“She’s alert for longer periods during the day, her walking is better, her responsiveness to stimuli around her in the home is better. It’s as though she’s been energized,” Ms. Bedrosian Richardson said.
Art or creative therapy for people with Alzheimer’s disease need not look the same as art (say, an art class) might look for someone else. Bernice had always been a creative lady and also a perfectionist. At one point when Bernice was in a memory care community, Holly brought an adult coloring book for her. It had pictures of people dressed in fancy clothes. Holly got out some markers and asked her if she would like to color. It was always a challenge to get Bernice to do anything like this — she did not want to risk making a mistake. Holly moved the coloring book aside for a while, and they talked.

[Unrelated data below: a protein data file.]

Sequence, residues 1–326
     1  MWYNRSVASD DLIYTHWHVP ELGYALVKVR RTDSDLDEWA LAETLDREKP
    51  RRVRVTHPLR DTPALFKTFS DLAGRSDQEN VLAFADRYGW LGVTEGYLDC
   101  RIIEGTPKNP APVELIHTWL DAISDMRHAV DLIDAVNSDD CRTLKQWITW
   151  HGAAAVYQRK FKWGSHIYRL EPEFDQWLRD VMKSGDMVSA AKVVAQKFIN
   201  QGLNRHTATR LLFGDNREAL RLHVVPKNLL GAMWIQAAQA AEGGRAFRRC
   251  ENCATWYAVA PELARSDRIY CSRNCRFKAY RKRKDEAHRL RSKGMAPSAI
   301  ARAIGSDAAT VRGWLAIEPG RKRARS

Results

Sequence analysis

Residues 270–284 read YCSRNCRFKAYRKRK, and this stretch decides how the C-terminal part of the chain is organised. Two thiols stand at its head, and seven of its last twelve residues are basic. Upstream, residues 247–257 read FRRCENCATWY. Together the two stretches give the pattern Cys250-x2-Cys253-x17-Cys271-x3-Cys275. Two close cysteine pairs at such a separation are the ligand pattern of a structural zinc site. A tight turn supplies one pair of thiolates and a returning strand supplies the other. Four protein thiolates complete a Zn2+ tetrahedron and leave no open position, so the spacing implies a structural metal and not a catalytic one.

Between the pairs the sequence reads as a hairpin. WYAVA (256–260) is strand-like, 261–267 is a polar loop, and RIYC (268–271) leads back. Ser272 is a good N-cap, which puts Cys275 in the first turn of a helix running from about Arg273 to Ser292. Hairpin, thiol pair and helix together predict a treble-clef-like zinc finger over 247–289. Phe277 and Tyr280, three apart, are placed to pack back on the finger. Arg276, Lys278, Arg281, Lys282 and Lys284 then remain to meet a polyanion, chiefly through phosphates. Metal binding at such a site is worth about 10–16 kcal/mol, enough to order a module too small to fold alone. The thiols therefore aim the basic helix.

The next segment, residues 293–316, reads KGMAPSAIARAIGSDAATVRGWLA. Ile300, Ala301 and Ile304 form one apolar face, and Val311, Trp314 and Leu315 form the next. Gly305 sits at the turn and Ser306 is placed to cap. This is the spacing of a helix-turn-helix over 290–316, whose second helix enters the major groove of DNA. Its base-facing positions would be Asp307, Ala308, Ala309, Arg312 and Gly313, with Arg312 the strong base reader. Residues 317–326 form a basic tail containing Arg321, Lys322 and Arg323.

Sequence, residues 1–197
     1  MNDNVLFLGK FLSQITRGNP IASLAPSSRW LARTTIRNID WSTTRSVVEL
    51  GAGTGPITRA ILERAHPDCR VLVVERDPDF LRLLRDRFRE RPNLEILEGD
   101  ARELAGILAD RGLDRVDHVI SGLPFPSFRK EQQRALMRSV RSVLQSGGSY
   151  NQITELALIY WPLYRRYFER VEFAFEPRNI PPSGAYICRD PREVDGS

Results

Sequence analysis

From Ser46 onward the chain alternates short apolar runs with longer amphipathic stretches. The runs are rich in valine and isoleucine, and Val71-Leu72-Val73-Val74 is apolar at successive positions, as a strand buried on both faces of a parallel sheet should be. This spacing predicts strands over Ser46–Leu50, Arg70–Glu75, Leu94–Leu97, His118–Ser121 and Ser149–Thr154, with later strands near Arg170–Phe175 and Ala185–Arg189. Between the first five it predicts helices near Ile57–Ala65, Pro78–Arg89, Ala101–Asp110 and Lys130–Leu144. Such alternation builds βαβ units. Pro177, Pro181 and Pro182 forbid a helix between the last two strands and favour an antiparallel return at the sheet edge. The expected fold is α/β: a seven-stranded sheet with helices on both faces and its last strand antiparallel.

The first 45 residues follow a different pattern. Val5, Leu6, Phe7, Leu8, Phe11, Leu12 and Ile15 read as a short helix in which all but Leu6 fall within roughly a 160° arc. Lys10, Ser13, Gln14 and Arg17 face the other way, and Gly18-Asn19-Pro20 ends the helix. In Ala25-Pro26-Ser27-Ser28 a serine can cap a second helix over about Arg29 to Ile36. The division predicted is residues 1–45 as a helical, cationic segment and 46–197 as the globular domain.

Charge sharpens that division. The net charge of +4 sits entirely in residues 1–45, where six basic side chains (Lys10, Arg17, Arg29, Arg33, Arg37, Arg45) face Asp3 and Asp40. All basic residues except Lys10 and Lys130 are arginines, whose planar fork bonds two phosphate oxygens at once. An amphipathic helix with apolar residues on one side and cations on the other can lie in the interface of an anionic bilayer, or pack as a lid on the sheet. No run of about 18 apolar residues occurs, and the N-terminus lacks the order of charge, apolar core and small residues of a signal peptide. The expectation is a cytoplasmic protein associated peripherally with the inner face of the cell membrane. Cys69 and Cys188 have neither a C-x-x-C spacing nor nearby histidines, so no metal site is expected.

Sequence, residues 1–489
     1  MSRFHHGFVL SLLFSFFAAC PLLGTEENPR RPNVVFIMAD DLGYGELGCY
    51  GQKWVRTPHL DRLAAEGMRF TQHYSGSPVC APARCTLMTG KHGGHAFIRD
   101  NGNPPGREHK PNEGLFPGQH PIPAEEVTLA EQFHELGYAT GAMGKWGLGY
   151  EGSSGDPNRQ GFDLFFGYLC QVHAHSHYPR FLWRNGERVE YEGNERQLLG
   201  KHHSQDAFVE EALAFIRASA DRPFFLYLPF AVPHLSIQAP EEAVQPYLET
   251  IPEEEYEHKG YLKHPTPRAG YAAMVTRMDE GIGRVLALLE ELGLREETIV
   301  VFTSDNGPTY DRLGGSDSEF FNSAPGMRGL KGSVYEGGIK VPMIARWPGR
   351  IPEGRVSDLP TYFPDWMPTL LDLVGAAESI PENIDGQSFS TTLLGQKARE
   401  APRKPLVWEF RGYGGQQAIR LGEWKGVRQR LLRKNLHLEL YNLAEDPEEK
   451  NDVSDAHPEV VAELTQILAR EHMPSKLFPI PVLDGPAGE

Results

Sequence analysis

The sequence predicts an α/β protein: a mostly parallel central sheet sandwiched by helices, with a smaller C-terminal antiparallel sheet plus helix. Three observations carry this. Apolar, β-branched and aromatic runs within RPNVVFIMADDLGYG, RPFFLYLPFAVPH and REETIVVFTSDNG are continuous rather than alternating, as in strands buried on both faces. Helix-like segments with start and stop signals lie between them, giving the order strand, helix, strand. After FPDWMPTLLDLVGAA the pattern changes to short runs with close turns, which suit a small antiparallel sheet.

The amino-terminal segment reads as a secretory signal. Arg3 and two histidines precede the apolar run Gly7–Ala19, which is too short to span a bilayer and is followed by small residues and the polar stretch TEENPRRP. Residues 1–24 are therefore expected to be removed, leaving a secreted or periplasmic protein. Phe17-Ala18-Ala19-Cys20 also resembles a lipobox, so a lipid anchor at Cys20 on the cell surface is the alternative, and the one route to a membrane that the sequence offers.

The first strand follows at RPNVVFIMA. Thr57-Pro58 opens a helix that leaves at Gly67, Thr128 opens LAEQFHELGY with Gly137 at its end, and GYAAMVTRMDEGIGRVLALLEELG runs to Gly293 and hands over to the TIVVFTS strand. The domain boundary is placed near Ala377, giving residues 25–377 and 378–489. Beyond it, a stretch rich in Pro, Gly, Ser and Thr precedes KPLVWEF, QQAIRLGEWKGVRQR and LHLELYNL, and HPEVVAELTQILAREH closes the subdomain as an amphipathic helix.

Before long, Holly slid the book back in front of herself, picked up a marker and started coloring. Bernice was obviously interested. Holly asked, “What color do you think this should be?. She didn’t like to make mistakes, but Bernice was never shy about offering her opinion. They finished the page in this way; Bernice chose the color for each area and Holly filled it in. Choosing the colors was Bernice’s creative process, her art therapy. Bernice couldn’t have been more pleased with the finished picture if she had done it all herself!